I peeled and chopped some of the daikon radishes that I received from M-K Girl and Andrew.Bung them in the food processor and process until you have some slushy mush or mushy slush.
Mix with the other ingredients.
Cook, then put into a heatproof dish to steam until done. I don't have a steamer, hence this weird contraption. I had to steam it a lot longer, due to that, too.This is the end result.We had it stir-fried (also known as 'carrot cake' in Singapore. It's not a cake and does not have any carrots in it.) But this is another story. :)
I used this recipe for lemon curd (but I halved the quantities in the recipe), which works extremely well. It also appeals heaps, because it uses whole eggs. I modified the recipe slightly, instead of sugar I used honey.
Zest and juice your grapefruit. I used two biggish ones. You could use more, if you want a big hit of grapefruit.4 eggs - lightly beaten
100g unsalted butter
Put all ingredients in a heatproof bowl.
Stir until it thickens, then pour into clean, sterilised jars.It's really nice, and even if you are not a big fan of grapefruit, you might like it. It doesn't taste too grapefruity. Just has a nice tang.
Curd does freeze beautifully. I just bung the jars into the freezer, and Bob's your uncle. Lemon or grapefruit curd, whenever you feel like it.
Here is our host, Andrew, happily chatting away.Left, right, left, right. Past the tanks and grapefruit.
There were still some pumpkins left on the ground. Looking good.
The winter vegetables are pumping away. Yum!
Gathering at the horseradish patch. Surrounded by heavily laden citrus trees and still fruit bearing chilli bushes.
Then gathered around the table with all the seeds, seedlings, produce, etc. to share. Lots of pointing going on. And HOW big does that grow?! :)
Thanks to the gardener and cook for having the crazy lot over. Lots of fun was had by everyone. Oh, and sorry, no pictures of the usual spread of cakes, dips, biscuits, etc. The photographer was too busy chatting. And sampling. :)
The arrival of winter is always blessed by the pumpkin harvest, which will supplement our roasts and dips for the next six months or more.
Pumpkins store well, and the sweet-flavoured Butternut Pumpkins that we grow each year are particularly fine-grained and tasty. The foliage that has covered one large garden bed has died down to expose the pumpkins lying on the ground; once the fruit can be lifted up without still clinging to the vine (which has now ‘dried off’) they are ready for storage.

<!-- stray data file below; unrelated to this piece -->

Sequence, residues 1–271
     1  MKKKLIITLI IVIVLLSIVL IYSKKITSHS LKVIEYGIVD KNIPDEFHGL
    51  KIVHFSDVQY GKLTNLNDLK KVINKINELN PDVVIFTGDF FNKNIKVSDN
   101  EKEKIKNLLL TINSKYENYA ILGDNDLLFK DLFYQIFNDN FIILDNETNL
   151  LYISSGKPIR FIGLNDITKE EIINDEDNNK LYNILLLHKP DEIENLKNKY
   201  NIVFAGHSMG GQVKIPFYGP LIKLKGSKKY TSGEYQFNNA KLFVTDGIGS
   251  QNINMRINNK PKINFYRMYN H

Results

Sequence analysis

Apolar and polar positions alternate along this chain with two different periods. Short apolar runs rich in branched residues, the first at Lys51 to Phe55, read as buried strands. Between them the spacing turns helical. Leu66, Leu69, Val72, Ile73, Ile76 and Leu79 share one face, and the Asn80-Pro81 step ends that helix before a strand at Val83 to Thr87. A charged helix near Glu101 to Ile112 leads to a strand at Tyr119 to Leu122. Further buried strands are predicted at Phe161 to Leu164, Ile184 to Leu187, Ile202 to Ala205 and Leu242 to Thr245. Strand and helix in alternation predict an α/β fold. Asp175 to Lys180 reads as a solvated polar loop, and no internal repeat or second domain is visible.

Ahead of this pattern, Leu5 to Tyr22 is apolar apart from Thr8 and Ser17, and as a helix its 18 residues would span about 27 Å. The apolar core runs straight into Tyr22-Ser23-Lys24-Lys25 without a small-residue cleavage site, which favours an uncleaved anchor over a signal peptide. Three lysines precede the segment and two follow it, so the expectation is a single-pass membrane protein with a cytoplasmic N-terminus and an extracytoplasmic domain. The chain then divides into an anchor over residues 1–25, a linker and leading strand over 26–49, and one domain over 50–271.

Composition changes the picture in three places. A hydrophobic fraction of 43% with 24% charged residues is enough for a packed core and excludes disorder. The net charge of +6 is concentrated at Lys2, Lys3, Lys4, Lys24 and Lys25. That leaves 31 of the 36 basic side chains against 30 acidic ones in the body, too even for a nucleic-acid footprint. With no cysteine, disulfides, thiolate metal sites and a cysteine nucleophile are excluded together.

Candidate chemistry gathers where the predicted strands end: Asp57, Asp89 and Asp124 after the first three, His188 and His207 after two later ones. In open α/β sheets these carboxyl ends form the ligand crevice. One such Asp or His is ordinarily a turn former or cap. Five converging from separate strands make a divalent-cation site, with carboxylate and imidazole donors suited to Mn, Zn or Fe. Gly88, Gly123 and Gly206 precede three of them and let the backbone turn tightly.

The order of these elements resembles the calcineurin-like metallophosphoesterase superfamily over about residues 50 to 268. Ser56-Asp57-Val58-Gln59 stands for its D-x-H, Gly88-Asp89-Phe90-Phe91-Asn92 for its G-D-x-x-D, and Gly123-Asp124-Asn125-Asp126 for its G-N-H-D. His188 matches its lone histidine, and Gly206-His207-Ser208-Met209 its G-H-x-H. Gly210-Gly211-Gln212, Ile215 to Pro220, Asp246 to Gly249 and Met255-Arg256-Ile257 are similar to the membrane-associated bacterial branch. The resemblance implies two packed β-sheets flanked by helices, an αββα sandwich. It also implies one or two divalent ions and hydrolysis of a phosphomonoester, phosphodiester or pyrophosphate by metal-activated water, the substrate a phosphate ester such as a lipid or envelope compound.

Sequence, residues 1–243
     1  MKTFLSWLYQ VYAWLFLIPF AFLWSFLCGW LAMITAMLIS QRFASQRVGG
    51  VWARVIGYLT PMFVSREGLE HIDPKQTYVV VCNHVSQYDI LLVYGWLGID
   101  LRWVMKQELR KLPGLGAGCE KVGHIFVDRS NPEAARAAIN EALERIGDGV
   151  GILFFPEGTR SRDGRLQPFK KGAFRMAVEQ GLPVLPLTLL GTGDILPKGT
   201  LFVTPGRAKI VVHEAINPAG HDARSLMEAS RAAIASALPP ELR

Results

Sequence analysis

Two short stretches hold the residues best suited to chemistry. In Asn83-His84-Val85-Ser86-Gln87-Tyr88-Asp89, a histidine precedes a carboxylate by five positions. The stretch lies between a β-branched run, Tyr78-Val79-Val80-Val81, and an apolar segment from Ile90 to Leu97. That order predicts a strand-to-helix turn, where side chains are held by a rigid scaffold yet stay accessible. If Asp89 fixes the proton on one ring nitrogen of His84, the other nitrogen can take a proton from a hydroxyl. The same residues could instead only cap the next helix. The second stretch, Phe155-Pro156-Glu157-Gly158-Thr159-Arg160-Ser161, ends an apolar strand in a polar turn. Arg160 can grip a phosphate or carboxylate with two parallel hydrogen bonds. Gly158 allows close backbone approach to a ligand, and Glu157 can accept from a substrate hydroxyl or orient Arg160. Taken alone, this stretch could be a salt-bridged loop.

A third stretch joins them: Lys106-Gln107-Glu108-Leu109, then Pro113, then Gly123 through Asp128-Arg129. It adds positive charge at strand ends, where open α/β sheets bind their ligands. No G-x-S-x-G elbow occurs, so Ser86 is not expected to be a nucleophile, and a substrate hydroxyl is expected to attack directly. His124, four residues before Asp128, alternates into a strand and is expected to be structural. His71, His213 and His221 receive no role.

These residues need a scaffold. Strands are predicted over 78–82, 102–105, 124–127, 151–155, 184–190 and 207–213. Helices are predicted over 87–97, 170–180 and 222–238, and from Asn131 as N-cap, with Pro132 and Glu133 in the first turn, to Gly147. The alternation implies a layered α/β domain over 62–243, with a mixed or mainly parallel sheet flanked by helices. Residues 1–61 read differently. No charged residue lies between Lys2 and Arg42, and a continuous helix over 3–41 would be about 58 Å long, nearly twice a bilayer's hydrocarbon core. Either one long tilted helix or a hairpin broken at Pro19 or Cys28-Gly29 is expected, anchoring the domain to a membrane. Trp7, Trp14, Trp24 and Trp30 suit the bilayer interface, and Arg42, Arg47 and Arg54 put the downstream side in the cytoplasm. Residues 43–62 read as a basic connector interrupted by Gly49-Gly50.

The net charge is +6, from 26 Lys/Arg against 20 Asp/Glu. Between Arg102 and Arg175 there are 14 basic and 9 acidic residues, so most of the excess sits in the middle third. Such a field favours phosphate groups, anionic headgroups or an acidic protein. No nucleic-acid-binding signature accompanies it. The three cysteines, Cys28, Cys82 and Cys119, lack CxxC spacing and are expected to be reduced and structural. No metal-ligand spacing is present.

Storing this volume of pumpkins (and this is only half the crop) takes some planning, as they are particularly attractive to rats, well able to chew through the hardy shell to find nourishment within...
One approach (above) has been to store them down the back shed on fruit-tree netting in a large Perspex cylinder found at an irrigation exhibition; the sides are too slippery for rats to climb. The netting allows air to get in below the pumpkins to keep them from going mouldy.
Another time we stored our crop in an old chest freezer inside the house – again, with the pumpkins laid on netting to allow air to circulate.
This pumpkin crop was planted out in late Spring from two packets of seeds worth about $7.00. This one-metre diameter ring of seeds is planted in fertile soil around a drip-line for irrigation. Once these pumpkin plants get going and spread out over all the available garden space nearby there’s no way one can get in close to the original seed bed to water, so an under-vine hose that stays in place all through summer and autumn does the job of getting moisture up to the vine roots.
I planted the seedlings in March, when the soil was still warm and they could get a good start. Planted a few weeks later, the soil would have been far too cold and they would just sit there, doing nothing.
Been there, done that. It's very frustrating, watching seedlings for months on end, doing nothing. But you can't blame them, who'd be keen to sit in cold soil? And grow?? It took me a while to figure all that out. :)
This was quite a surprise, as the plant was left over from last winter to go to seed. It may have gone to seed, I don't know, as I completely forgot about it. This is not a spot where I usually grow vegetables.
So, yesterday I happened to walk past and was startled by this purple beauty!
There is a smaller one.Then two more small ones coming along nicely.
Yum! What a pleasant surprise! :)
The shortest day of the year approaches, with the sun setting early in the northwest at 5.15pm in glorious palettes of red and orange below grey clouds that might finally signal the longed-for start of our winter rainfall. Cold short days bring the cook and gardener together before the fireside each evening, and a whole new suite of jobs - notably bean shelling and garlic splitting - begin.
Dried beans (for seed storage ) pulled from the last of the Lazy Wife beans have been separated from the green beans, which will be cooked by boiling in salted water, pureeing, then mixing them through onion cooked gently in butter.
Garlic saved for seed last year is taken out of the store room and the best cloves broken out and prepared for planting. Some of these garlic cloves are beginning to sprout; nature’s signal that planting time is indeed here.
The weekend comes around, and both cook and gardener can be found outside in the winter sunshine; 300 garlic cloves and about the same number of red, brown and white onions seedlings plus leek seedlings all get planted out in a single bed in a single day.
Night falls and the job’s done. By mutual consent, we declare ‘Feirerabend!’ – an evening off!